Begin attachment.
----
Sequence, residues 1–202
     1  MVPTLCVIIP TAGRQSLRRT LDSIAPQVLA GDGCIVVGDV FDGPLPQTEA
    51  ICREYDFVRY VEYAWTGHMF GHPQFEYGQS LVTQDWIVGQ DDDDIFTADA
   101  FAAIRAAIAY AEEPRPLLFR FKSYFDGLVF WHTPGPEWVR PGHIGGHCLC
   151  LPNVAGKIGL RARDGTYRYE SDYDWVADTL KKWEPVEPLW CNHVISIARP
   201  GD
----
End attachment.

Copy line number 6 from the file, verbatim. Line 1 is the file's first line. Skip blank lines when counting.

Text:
   201  GD